OPERATION CORDITE– SUDAN
The current force deployment under Operation Cordite in Sudan is 809 South
The AU mission was terminated in December 2007 when it was integrated into the United Nations mission to form the UN African Mission in Darfur (UNAMID) in January 2008. it was the first African Union-United Nations hybrid mission. An Infantry Protection Company and an Explosive Ordinance Disposal Unit were added to the deployment, which was increased further in February 2005. It was during the deployment of Operation AMIS that the government of Sudan and the two leading rebel groups, the Justice and Equality Movement and the Sudanese Liberation Army, signed two short-term peace agreements with an objective of fast-tracking the end of the conflict.
The mandate for AMIS was extended repeatedly in 2006 while the United Nations' Security Council was grappling with details of the deployment of a UN mission. In 2010 Operation Cordite committed a 611-strong infantry battalion, 12 staff officers and 13 military observers to assist with confidence building in the Sudanese military. It was on 1his deployment that four South African peacekeepers were kidnapped in April 2011 but later released without a ransom.
Operation Cordite made an immense contribution to the successful referendum on the future of Sudan, which resulted in the peaceful division of the country into two: Sudan and South Sudan. Additional South African soldiers were sent to Juba, the capital of the new country, South Sudan, to assist with security for the independence celebrations in July 2011. In addition to this, South Africa also helped secure the air space for the duration of the celebrations. South Africa also trained police, prison officials and air traffic controllers: currently stationed at Juba International Airport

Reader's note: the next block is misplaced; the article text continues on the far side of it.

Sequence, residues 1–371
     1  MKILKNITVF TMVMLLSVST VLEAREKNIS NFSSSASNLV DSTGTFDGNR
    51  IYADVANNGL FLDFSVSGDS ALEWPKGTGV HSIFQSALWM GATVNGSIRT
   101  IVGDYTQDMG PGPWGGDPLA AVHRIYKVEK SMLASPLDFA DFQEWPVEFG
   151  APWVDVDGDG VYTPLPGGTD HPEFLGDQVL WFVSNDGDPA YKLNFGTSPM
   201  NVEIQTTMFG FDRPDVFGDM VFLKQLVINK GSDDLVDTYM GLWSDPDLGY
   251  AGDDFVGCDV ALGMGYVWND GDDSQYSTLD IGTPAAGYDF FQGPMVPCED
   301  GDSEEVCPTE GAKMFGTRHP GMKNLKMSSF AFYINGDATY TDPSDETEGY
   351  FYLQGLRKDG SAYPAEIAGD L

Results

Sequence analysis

South Africa maintains its presence in Sudan despite the successful cessation because the security situation in Darfur is yet to be stabilised and Sudan and South Sudan are yet to reach In agreement on several issues pertaining to land and assets. South African Ambassador to the United Nations, Baso Sangqu said: “every effort must be employed to ensure that peace and stability is advanced and to help the people of Darfur "move rapidly toward peace”
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